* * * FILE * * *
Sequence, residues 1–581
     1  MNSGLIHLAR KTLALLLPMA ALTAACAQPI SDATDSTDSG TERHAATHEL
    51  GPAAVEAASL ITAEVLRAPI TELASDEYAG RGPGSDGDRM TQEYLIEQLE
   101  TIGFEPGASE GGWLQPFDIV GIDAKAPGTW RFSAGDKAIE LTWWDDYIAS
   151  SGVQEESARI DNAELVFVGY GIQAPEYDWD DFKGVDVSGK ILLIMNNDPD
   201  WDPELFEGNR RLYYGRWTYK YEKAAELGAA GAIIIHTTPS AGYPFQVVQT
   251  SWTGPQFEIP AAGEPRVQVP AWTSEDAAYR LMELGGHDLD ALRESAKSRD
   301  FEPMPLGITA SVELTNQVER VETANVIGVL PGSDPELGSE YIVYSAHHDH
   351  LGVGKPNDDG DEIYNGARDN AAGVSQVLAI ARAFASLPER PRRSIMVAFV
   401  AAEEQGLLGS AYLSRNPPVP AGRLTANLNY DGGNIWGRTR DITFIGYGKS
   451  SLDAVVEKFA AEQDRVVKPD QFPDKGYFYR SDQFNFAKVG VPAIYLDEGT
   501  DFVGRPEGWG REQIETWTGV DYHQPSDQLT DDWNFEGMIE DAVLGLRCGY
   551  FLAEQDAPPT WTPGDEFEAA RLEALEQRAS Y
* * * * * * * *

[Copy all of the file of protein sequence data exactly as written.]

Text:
Sequence, residues 1–581
     1  MNSGLIHLAR KTLALLLPMA ALTAACAQPI SDATDSTDSG TERHAATHEL
    51  GPAAVEAASL ITAEVLRAPI TELASDEYAG RGPGSDGDRM TQEYLIEQLE
   101  TIGFEPGASE GGWLQPFDIV GIDAKAPGTW RFSAGDKAIE LTWWDDYIAS
   151  SGVQEESARI DNAELVFVGY GIQAPEYDWD DFKGVDVSGK ILLIMNNDPD
   201  WDPELFEGNR RLYYGRWTYK YEKAAELGAA GAIIIHTTPS AGYPFQVVQT
   251  SWTGPQFEIP AAGEPRVQVP AWTSEDAAYR LMELGGHDLD ALRESAKSRD
   301  FEPMPLGITA SVELTNQVER VETANVIGVL PGSDPELGSE YIVYSAHHDH
   351  LGVGKPNDDG DEIYNGARDN AAGVSQVLAI ARAFASLPER PRRSIMVAFV
   401  AAEEQGLLGS AYLSRNPPVP AGRLTANLNY DGGNIWGRTR DITFIGYGKS
   451  SLDAVVEKFA AEQDRVVKPD QFPDKGYFYR SDQFNFAKVG VPAIYLDEGT
   501  DFVGRPEGWG REQIETWTGV DYHQPSDQLT DDWNFEGMIE DAVLGLRCGY
   551  FLAEQDAPPT WTPGDEFEAA RLEALEQRAS Y